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For this project you'll need a piece of melamine and a couple 2x4s. I'll also assume that you have a router with some kind of base, it can be either a plunge base or a fixed base.

Watch the sled in action:

Step 1: Cut a Slot Into the Melamine

The length of the melamine is determined by the width of the wood you want to flatten. In my case I used a 1200mm strip of melamine in anticipation of any wide slabs in the future.

Find the centre of the melamine, lengthways, and draw a line down the centre. This will be the reference point from now on.

Come in from the ends around 100mm-150mm. This will give you a space to attach stops later. Now drill a through the melamine on each end. This how should be bigger than the router bit that you plan on using. In my case, I was using a 19mm router bit so the hole was 25mm wide.

To cut the majority of the hole I used a circular saw, "dropping" it into the cut. Start the cut away from the drilled holes then come back and finish the off with either a jigsaw or a hand saw.

Step 2: Attach the 2x4s

Use two 2x4s on the top side of the sled. These do 2 things; they stop the router from running into the sides of the slot in the melamine, and brace the melamine, kind of like a spine.

With that said make sure the 2x4s are as straight as possible. If they are curved that will transfer into the melamine.

To attach the 2x4s use screws.

Step 3: Set Up the Rails

Place 2 rails on a flat surface. The height of the rails need to be slightly more than the height of the slab you're flattening, but not so high that the router bit can't reach the wood. In my case I could use more 2x4s.

Join the rails on either end with some scrap wood. This will stop them moving apart as you work.

Now chuck your router into the slot and get milling! This is done by moving the router from left to right taking off around 5mm of material. Take a pass, then move the sled forward up the slab. Take another pass, then repeat. This might take a while but be patient. On my 1 meter long slab it took about 15 minutes per pass.

<p>top video will have to enquire from local tree trimmers for material</p>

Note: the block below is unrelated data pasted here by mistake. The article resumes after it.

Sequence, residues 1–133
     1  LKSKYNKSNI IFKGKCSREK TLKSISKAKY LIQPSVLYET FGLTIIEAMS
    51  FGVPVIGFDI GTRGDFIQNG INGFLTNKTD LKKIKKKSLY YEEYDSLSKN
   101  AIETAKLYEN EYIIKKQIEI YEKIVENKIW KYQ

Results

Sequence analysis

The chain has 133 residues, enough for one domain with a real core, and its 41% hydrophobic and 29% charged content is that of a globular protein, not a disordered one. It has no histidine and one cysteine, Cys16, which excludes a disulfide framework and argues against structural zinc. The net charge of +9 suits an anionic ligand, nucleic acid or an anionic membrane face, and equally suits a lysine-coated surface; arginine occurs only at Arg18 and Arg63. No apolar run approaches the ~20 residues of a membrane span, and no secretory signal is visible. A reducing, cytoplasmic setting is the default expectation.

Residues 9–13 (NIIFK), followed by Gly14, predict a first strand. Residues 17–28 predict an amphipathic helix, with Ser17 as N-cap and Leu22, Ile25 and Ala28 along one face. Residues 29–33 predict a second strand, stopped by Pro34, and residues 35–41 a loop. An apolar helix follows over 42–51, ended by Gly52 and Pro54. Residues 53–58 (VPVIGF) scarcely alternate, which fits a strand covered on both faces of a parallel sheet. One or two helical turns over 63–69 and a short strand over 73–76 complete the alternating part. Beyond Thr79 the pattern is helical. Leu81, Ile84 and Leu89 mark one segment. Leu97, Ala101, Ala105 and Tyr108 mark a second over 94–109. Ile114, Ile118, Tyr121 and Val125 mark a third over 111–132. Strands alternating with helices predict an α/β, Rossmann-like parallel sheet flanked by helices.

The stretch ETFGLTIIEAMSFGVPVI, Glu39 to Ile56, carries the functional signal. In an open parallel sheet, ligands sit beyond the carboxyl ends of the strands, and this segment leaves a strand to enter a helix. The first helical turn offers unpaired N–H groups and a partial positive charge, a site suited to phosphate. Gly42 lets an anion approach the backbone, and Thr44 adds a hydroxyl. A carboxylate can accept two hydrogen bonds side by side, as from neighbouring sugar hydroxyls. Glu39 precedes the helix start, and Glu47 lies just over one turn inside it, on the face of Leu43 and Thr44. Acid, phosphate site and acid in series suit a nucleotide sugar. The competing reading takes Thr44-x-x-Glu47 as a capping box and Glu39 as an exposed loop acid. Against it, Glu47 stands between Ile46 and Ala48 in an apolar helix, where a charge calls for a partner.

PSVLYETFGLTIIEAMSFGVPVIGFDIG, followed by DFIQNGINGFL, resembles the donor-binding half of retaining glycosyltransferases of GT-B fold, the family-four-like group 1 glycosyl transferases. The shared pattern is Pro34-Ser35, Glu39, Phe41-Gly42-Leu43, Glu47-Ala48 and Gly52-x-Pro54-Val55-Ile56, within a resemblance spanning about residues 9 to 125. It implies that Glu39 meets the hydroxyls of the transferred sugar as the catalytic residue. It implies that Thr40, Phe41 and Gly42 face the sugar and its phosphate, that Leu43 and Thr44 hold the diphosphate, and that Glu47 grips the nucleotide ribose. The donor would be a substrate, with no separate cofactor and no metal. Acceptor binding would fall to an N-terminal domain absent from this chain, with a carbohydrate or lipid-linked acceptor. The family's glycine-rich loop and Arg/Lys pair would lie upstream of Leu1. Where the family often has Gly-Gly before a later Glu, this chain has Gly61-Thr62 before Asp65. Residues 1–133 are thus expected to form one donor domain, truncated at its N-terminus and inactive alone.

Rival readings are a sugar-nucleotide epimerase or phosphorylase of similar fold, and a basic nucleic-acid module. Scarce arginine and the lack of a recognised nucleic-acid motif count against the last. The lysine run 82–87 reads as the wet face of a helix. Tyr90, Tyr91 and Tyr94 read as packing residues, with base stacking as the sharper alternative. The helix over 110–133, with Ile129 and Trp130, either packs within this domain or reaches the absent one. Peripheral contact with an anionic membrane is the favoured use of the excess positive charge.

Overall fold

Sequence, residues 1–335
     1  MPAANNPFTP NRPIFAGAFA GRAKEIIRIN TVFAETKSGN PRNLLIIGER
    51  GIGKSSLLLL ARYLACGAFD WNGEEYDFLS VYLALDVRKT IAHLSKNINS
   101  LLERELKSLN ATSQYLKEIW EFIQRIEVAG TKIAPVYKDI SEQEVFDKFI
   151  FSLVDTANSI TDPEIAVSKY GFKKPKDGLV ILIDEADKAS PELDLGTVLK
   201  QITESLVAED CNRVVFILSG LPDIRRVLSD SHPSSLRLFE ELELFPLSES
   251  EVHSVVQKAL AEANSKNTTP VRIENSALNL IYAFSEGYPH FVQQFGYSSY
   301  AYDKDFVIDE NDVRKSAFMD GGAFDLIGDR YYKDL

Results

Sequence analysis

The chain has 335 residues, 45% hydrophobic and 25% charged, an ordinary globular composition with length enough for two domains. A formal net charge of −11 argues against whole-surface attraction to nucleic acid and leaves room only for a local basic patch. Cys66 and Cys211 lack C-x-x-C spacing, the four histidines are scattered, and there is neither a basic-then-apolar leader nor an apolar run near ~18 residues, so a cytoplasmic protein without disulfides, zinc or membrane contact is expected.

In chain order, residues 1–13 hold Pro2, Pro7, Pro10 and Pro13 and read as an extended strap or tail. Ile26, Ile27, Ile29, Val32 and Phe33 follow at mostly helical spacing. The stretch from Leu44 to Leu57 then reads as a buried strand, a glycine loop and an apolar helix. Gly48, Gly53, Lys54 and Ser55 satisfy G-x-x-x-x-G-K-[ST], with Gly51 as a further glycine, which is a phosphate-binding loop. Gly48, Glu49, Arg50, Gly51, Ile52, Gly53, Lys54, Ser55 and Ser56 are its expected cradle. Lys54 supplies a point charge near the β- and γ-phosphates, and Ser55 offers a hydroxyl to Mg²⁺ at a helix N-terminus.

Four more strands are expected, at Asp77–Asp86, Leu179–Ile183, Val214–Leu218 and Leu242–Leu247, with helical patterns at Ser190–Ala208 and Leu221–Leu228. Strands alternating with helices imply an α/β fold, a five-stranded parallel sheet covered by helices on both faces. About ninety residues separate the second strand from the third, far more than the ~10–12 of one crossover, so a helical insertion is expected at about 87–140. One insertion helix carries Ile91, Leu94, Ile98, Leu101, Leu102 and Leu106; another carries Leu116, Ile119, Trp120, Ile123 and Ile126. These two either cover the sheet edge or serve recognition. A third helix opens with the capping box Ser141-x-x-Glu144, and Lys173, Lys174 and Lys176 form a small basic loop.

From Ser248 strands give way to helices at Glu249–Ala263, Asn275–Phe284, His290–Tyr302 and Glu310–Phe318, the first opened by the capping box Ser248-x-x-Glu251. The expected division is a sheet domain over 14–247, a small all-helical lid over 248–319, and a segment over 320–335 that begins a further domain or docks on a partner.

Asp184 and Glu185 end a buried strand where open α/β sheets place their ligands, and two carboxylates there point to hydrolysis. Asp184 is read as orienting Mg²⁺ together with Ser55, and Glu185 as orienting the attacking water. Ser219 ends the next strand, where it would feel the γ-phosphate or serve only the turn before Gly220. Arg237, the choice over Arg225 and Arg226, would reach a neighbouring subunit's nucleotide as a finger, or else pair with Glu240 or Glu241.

<p>I enjoyed watching that thoroughly. Great job!</p>
Thank you
<p>Hi. I enjoyed your video. Can you post a link to the pad you are using at the end with 50/50 mineral spirits and polyurethane? Also, do you have a variable speed oscillating tool? Was it rotating very slow?</p>
Thanks very much.<br>I was using a random orbit sander around half speed. Thinking back going faster might've been better, but it worked fine for me. Here's a link to the pad in Australia, but it should be the same name/description everywhere.<br>http://www.ebay.com.au/itm/231565723328?_trksid=p2060353.m2749.l2649&amp;ssPageName=STRK%3AMEBIDX%3AIT
<p>If you used plywood ripped into strips instead of 2X4s for the strongbacks, you wouldn't have to worry about finding perfectly straight ones. I live in a humid climate, and have brought home wood I thought was straight, only to find it very warped a couple of weeks later. Or maybe it was those shots of tequila that I did to calm my nerves... :) My workbench is getting pretty crufty and dinged up, looks to be a good way to get it true again.</p>
<p>Great video. I'm in North Central Vic, and I love Silky Oak too. I planted 15 on my 2 acres 10 years ago, and they're 45 CM circ now. I'll chop one down soon, put it in a solar kiln for 6 months and use your flattening jig to make slabs. Love your work.</p><p>Cheers</p>
Thanks very much. I didn't realise they grew so quick, that's great!
<p>Did you mean the trees were 45 cm diameter or 45 cm circumference? I only ask since a tree that diameter would be a really fast growing tree!</p>
<p>Nice one Robin</p><p>Only puzzle is the final finish</p><p>is the PolyU water base type, and not sure what spirits that you mix it is?</p><p>I make tables from logs in Indonesia and I like your finish</p><p>Thanks </p>
Thank you very much! The polyurethane is oil based and I mixed it with mineral turpentine (also called mineral spirits) at a 50:50 ratio
<p>I meant circ. 45cm Diameter wb a very big tree for 10 years. Anyway, I doesn't snow here.. and we only get -2 in July and very wet winters and hot Summers. Silkys aclimatise.</p>
<p>Very nice instructable and easily made jig . Your jig could be used to scarf plywood (to edge gluing plywood to make larger sheets). </p>
Great project and instructable. Will be trying the polyurethane and spirits finish on my next project.

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